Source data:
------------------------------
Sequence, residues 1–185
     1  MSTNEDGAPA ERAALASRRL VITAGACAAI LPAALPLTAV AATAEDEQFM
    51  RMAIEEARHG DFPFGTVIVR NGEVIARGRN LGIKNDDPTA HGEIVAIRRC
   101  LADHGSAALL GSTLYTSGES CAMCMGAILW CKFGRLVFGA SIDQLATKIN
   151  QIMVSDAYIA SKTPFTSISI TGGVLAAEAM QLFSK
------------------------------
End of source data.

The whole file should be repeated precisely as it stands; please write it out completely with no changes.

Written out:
Sequence, residues 1–185
     1  MSTNEDGAPA ERAALASRRL VITAGACAAI LPAALPLTAV AATAEDEQFM
    51  RMAIEEARHG DFPFGTVIVR NGEVIARGRN LGIKNDDPTA HGEIVAIRRC
   101  LADHGSAALL GSTLYTSGES CAMCMGAILW CKFGRLVFGA SIDQLATKIN
   151  QIMVSDAYIA SKTPFTSISI TGGVLAAEAM QLFSK